But if they are imaginary what possible harm would it do to believe in metaphysical spirits, ghosts, and demons?  I suppose none, unless one equates physical illness, disease, or accidents, etcetera to these metaphysical ideations of the mind, and ignores medical science by resorting to prayer and/or charms as a first line of defense against them.  Tragically even in the modern world people have died as the result of misguided attempts to exorcise possessing demons and spirits.

            The use of the Bible as an authoritative religious text without proper disclaimers is not only irresponsible but borders on the criminal by endangering the mental health and welfare of the public.

Charles W. Hedrick
Professor Emeritus
Missouri State University

4 comments:

  1. In the last 125 years or so, the western world changed from believing in the power of religion to change lives to believing psychoanalysis could do so. It would be interesting to know which has had the highest rate of success. No matter how skilled the religious advisor or professional therapist, both require that the person desiring "exorcism" have faith that the method chosen will work.


    Marcia

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    1. Hi Marcia,
      I would think accurate figures would be hard to come by. What little I understand of psychosomatic "cures" suggests to me that there might well be cures by practitioners in both camps. I guess the big difference is that the traditional religious practitioner attributes the "cure" to divine intervention and the medical practitioner attributes the cure to the patient for mental and emotional problems (we have to find our own way out of morass of ill health with the help of the therapist), and I guess that could be true even for some physical illnesses as well. But I will say this: human kind has made progress since the advent of modern scientific thinking in the Enlightenment of the 18th century, particularly as is indicated by the fact that religious practitioners are now adopting the training and techniques of the medical practitioners.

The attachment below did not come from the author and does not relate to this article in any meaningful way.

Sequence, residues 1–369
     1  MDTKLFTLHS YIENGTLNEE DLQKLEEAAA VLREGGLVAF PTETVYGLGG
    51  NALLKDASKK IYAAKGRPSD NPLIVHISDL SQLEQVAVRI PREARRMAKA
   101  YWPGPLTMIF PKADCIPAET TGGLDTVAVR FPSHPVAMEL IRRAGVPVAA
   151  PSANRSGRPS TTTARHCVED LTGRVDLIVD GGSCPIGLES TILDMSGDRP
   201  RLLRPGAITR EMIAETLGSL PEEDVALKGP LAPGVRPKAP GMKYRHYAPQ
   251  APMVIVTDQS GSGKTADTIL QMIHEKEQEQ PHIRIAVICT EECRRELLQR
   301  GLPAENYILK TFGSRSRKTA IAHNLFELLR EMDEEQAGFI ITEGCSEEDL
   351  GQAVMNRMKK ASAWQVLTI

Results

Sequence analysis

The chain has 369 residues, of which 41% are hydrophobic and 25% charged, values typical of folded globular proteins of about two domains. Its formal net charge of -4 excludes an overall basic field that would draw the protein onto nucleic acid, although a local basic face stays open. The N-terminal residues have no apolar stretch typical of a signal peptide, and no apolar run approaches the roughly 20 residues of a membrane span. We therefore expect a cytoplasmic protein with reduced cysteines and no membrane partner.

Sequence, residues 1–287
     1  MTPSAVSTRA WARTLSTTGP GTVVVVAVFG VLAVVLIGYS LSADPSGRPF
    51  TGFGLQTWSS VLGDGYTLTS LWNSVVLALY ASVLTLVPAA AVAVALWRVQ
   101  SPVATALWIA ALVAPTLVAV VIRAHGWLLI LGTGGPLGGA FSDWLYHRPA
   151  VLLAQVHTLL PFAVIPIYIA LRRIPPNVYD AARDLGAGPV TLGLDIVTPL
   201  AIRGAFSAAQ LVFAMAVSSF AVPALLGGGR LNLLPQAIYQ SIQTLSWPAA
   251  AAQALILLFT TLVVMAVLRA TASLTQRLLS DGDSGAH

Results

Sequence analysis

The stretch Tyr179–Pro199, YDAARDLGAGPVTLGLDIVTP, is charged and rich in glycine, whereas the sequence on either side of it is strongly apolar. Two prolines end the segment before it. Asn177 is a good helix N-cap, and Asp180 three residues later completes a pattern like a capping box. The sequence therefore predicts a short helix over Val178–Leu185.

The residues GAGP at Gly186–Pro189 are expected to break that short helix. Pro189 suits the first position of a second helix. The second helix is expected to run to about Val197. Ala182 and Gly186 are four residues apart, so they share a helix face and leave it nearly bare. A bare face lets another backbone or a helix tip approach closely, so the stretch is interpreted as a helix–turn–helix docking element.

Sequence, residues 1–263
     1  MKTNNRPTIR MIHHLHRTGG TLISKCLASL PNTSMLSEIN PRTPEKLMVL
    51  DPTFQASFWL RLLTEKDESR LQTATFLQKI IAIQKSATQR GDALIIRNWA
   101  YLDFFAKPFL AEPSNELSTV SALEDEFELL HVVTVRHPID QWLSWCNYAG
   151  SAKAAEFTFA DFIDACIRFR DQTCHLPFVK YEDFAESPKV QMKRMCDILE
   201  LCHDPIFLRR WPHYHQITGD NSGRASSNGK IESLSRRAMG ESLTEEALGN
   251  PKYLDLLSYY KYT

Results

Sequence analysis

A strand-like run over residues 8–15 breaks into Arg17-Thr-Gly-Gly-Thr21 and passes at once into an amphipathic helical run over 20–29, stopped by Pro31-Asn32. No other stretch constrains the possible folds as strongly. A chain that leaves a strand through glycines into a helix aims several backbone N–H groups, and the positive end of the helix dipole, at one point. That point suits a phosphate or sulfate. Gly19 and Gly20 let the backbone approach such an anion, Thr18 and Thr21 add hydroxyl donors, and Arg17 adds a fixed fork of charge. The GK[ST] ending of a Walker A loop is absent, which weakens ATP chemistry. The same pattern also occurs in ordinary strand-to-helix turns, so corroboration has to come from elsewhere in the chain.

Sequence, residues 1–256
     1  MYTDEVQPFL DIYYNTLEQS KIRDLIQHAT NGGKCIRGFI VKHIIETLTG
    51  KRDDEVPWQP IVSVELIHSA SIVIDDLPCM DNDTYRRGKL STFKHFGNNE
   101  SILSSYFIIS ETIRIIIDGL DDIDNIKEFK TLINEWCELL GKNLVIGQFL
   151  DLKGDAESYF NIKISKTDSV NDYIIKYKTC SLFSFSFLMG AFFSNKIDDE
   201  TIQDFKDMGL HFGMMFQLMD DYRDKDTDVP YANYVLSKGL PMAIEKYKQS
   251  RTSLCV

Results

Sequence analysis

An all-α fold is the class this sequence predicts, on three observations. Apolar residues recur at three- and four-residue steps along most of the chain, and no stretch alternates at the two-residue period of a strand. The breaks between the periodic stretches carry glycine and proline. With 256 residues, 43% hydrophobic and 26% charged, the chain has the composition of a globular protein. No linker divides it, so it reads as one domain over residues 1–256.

Charlie

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  2. I like what you say about ideations of the mind: if all perception (i.e. whether of physical objects or of ghosts) happens in the mind, a vision is only less real in the sense that others don't see it too.

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  3. Thanks for your comment. This is very difficult stuff for me to wrap my mind around. First, I am not sure that anything, even ideations in the mind, can be "less real." A "thing is real or not even if it is only an ideation of the mind. Visions are a special problem. I think that visions are not a "thing out there," but they are also ideations of the mind. You may or may not see something (i.e., perhaps you only think you see it). If there is something out there over against you, your brain informs you based on your prior experience what it is you think you are seeing, but of course your senses may have deceived you and there is really nothing there over against you at all. For a "vision" the question becomes was there an impression on the retina of the eyes. If we could validate that, it would tell us that there was actually something out there to be seen, but it would not tell us that it was what you thought it was. Like I said visions are a special problem. And what do you say about groups of people who have the same vision? And how does "mass hysteria" play into the group vision?
    Charlie